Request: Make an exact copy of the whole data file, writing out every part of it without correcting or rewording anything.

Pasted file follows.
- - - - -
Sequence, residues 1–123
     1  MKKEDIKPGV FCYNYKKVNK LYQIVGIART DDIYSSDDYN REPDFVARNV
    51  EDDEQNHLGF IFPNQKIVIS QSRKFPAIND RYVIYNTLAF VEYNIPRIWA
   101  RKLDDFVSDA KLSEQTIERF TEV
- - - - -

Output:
Sequence, residues 1–123
     1  MKKEDIKPGV FCYNYKKVNK LYQIVGIART DDIYSSDDYN REPDFVARNV
    51  EDDEQNHLGF IFPNQKIVIS QSRKFPAIND RYVIYNTLAF VEYNIPRIWA
   101  RKLDDFVSDA KLSEQTIERF TEV